Watch Booker, Paul combine to score 60, lead Suns past depleted Jazz

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PHOENIX — Chris Paul and his 36-year-old legs played 40 minutes of basketball for the Phoenix Suns.

The way he was cooking in the fourth quarter of a 115-109 win over the short-handed Utah Jazz, one of the best point guards in NBA history looked like he was ready to play 40 more.

“I feel good, I’m cool,” Paul said with a grin. “I’ll hoop again tomorrow if you want to.”

Devin Booker scored 33 points, Paul had 15 of his a season-high 27 points in the fourth quarter, and the Suns rallied for their seventh straight win.

Paul just missed a triple-double with 14 assists and nine rebounds. The Suns improved their NBA-best record to 37-9, matching the 2006-07 team for the best start in franchise history.

The gritty Jazz trailed by 13 in the first half but jumped ahead 87-85 by the end of the third quarter. Utah pushed its lead to 95-91 early in the fourth but the Suns responded with a 14-2 run to take control.

“We had a good start to the game and then we got a little comfortable,” Booker said. “Those guys were ready to play. They took advantage of their opportunity, came out aggressive and confident. Once they got confidence, they were a little tougher to stop.”

Paul was the main catalyst for Phoenix’s final push, dominating the fourth quarter when Booker cooled off following a hot start. The 11-time All-Star made his first five shots of the period, including two 3-pointers. Suns coach Monty Williams doesn’t like to give Paul such heavy minutes in the regular season, but sometimes it’s hard to take him off the court.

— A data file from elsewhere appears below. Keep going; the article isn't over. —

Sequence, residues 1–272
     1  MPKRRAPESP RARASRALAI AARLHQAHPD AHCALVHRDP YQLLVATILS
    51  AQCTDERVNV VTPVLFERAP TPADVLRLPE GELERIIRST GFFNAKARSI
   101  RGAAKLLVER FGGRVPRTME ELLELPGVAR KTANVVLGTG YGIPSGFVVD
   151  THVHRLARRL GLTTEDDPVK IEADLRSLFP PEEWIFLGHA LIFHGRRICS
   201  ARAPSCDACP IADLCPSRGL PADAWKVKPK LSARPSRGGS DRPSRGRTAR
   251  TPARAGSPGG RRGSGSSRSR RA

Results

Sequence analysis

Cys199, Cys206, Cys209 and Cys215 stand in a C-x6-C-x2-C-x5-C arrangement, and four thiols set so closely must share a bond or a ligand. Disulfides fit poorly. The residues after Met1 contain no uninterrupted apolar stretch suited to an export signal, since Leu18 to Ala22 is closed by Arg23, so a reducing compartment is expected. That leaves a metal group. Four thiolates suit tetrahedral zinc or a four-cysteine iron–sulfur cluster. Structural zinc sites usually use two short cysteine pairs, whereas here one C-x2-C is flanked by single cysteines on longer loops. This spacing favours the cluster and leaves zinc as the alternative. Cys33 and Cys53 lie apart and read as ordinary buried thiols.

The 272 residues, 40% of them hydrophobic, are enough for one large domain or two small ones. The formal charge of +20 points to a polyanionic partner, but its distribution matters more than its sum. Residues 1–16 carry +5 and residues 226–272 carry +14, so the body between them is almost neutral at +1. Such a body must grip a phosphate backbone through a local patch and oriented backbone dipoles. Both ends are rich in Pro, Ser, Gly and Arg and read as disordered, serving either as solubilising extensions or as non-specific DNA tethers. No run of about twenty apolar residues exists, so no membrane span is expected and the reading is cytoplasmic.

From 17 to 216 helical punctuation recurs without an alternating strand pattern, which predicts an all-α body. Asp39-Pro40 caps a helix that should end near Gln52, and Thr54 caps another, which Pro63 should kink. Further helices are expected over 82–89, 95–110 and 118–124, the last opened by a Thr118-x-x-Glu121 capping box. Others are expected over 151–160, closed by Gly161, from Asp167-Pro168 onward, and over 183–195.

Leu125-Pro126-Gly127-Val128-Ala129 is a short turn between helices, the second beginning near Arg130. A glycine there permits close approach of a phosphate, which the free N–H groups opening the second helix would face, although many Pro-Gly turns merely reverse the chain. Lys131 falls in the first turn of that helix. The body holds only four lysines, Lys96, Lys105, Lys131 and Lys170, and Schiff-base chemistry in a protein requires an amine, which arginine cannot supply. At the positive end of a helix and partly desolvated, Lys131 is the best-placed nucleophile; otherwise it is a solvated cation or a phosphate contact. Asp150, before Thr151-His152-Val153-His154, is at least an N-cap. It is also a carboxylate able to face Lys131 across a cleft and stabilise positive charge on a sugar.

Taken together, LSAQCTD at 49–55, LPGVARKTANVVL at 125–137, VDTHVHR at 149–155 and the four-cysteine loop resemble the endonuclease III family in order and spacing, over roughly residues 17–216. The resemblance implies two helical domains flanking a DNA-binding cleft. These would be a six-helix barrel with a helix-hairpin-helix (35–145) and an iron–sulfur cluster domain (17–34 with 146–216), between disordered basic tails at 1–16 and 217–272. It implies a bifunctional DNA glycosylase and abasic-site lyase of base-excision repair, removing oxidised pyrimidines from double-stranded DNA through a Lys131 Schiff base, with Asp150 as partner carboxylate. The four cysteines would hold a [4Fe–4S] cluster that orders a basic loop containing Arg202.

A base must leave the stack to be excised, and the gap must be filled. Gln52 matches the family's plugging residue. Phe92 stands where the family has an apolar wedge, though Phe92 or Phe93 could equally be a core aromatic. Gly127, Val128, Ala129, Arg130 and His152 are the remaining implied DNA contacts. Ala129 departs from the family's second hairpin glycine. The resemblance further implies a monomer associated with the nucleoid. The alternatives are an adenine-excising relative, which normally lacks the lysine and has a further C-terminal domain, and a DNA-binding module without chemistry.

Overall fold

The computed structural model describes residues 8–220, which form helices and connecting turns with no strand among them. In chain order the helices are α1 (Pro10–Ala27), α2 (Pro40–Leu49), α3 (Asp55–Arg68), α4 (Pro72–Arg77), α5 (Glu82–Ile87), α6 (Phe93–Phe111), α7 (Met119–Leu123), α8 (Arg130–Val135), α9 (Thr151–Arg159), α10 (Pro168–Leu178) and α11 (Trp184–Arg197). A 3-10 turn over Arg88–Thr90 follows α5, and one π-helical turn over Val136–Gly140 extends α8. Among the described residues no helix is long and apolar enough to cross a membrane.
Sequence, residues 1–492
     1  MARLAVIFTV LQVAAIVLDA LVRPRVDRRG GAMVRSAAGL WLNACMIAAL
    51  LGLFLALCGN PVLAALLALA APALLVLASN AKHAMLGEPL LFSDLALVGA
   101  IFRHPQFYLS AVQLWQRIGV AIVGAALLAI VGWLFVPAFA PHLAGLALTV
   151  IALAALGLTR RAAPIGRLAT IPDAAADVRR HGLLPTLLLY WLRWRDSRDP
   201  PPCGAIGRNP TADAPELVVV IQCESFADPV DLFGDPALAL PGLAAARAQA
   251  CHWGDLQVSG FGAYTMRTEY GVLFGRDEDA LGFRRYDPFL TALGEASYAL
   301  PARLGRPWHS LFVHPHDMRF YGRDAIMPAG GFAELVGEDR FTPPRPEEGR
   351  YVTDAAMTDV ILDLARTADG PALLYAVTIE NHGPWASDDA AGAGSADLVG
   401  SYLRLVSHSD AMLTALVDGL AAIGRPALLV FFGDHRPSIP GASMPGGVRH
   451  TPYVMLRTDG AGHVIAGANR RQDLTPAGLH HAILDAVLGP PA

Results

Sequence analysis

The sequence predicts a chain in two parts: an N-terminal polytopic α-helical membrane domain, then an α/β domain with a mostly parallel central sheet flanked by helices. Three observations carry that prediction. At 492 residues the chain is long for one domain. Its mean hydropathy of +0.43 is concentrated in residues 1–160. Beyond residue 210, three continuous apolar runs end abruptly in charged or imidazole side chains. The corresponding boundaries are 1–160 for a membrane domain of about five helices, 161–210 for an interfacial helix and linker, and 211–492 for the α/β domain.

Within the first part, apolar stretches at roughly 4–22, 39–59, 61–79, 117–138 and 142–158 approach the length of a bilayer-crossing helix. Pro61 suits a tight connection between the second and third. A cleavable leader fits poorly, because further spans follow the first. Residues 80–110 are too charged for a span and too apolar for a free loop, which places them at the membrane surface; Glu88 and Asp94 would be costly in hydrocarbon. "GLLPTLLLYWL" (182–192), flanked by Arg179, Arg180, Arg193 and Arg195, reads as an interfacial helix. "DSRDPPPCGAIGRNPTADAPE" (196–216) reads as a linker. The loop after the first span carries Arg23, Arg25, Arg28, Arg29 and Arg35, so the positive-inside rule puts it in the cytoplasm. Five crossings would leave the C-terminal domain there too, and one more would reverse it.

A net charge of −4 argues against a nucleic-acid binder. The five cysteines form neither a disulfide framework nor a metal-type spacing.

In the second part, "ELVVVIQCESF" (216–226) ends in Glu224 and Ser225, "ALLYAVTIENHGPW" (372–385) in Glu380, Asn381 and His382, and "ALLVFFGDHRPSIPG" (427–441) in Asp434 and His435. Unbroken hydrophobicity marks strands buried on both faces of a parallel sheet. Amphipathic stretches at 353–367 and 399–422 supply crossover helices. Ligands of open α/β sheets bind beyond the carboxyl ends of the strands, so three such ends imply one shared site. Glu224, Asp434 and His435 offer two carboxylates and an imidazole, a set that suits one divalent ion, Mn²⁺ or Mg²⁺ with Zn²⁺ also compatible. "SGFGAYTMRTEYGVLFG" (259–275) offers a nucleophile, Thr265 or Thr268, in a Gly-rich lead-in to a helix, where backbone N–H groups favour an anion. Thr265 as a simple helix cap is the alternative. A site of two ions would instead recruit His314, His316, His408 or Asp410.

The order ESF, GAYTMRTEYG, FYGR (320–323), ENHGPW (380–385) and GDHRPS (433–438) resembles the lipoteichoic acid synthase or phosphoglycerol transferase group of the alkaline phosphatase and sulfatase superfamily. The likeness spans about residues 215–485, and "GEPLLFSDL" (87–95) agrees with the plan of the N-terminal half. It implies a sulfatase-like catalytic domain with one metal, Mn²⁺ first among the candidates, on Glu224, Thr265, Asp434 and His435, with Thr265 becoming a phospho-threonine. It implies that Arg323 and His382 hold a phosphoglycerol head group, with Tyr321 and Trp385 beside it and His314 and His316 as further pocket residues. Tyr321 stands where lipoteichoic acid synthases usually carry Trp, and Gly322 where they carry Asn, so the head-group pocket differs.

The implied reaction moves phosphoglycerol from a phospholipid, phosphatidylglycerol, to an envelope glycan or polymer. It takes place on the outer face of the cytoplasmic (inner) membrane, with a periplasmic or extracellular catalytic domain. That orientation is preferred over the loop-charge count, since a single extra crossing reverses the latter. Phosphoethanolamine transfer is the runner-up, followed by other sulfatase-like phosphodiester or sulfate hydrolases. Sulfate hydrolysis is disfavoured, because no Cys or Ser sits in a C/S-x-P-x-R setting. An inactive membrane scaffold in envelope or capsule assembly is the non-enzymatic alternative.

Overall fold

“We needed it tonight to get the win,” Williams said.

Utah was missing All-Stars Donovan Mitchell, Rudy Gobert and Mike Conley. The Jazz lost for the eight times in 11 games.

Jordan Clarkson led the Jazz with 22 points, including three straight 3-pointers in the fourth quarter that made things interesting into the final minute.

“Collectively, we played hard,” Jazz coach Quin Snyder said. “That’s a credit to our guys because the team we played plays hard. That’s why it was such a competitive game. I think what Chris (Paul) did in the fourth quarter, he’s unique, obviously.”

The Suns scored the first seven points and took a 31-21 lead into the second quarter. Booker scored 17 points in the first, making 8 of 13 shots with four rebounds and two assists.

The Jazz rallied in the second quarter and cut the advantage to 58-56 by halftime. Booker led the Suns with 19 points before the break while Trent Forrest – who came into Monday averaging 1.9 points per game – led the Jazz with 11.